PURSUING a career as the front man of a band might not seem like the obvious choice for someone who describes himself as shy and softly spoken.

But Greg Gilbert, who has enjoyed top 30 hits such as Long Time Coming and Nearer Than Heaven, with his band Delays, had their music featured in films and on adverts, toured globally and played to huge crowds at festivals like the Isle of Wight, explains that there’s a logic to it.

“The reason why I’ve ever got on stage and gigged is because otherwise the band would just have been a hobby,” explains the 36-year-old from Bitterne Park.

“I had to get on the stage out of necessity. I found it terrifying. I still do find it terrifying but I realised that when you get over that, it’s one of those things that you’ll be forever glad you did.”

Greg is the first person to admit that he spends a lot of time in his head but his music has been a way of breaking that barrier down and communicating with the world.

And now he is doing that in another way, and exposing more of his private world, by launching himself as an artist.

He has always loved art.

His first memory is of drawing a picture of a bird and presenting it to his mother.

He went to Winchester School of Art for a year and had planned on pursuing a career as an artist but when he was 18, music and the success of Delays took over and art remained a private thing.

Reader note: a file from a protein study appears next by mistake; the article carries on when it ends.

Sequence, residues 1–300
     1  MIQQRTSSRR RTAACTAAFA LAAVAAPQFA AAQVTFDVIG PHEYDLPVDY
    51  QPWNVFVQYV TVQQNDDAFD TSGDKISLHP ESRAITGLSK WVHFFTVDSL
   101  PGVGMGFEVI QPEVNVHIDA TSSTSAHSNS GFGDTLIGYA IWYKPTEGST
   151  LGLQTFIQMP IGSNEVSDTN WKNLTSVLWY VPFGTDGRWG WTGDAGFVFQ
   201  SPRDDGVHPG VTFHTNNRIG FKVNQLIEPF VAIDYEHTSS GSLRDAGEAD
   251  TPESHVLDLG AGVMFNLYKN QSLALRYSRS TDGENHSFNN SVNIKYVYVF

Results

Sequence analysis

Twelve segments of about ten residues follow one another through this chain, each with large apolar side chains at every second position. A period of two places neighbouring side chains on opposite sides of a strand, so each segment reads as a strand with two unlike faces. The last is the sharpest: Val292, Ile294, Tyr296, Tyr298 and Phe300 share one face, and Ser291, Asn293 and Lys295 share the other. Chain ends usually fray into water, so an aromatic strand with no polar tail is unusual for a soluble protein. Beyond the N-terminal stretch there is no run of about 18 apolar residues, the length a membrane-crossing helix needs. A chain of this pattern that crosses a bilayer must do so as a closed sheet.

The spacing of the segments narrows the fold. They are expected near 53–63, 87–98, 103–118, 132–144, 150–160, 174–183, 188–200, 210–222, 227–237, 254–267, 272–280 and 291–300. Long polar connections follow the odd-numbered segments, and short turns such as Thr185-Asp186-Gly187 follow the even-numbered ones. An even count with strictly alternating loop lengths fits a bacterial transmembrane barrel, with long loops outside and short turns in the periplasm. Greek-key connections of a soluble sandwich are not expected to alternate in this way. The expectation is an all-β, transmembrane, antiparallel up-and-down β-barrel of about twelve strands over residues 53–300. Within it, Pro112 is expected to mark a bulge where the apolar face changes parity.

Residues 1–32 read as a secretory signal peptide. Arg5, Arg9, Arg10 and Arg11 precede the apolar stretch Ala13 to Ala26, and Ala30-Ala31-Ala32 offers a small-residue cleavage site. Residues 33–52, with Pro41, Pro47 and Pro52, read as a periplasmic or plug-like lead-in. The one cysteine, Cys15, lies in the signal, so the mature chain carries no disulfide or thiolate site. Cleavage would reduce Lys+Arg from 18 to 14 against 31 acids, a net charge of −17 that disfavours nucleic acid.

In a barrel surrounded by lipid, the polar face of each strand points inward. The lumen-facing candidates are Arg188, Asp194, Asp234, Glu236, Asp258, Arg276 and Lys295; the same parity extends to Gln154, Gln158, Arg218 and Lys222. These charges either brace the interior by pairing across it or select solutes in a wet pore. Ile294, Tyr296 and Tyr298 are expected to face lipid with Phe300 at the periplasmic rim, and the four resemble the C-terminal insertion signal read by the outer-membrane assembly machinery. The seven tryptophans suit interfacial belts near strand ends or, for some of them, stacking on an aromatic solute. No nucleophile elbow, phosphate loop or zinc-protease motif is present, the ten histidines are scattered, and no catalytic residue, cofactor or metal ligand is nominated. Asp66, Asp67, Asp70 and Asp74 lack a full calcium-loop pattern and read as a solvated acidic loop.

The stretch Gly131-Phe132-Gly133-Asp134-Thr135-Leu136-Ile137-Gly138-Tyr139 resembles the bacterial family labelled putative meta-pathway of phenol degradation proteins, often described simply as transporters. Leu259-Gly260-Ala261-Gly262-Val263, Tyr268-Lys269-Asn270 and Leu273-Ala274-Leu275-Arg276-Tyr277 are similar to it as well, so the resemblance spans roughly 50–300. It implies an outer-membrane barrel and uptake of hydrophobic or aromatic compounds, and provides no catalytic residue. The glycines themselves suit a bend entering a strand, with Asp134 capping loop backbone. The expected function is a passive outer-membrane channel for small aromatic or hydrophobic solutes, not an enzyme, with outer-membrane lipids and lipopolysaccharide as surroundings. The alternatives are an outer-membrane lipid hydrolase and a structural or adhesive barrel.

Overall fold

But it has been a constant in his life.

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Jubilee '77

“My parents still have drawers in their house full of my pictures and I’m carrying round a bag of my drawings right now,” he laughs as we chat over a pot of tea at Southampton’s Art House gallery cafe.

But it is only this year that he has decided to share his artwork with the public and attempt to pursue it as a parallel career alongside music.

His first ever exhibition was at Harbour Lights Picture House earlier this year, he is currently exhibiting at the Everyman Cinema in Winchester and has a further exhibition at a Winchester gallery lined up for December.

He also had two pieces accepted into the annual St Barbe Open Exhibition in Lymington and won the Beaulieu Fine Arts Award with Affinities 1.

“The thing is, it’s easy to stay in your bedroom and tell yourself ‘I could have done this,’” he says.

“It’s far riskier to put your self-image on the line and put yourself out there.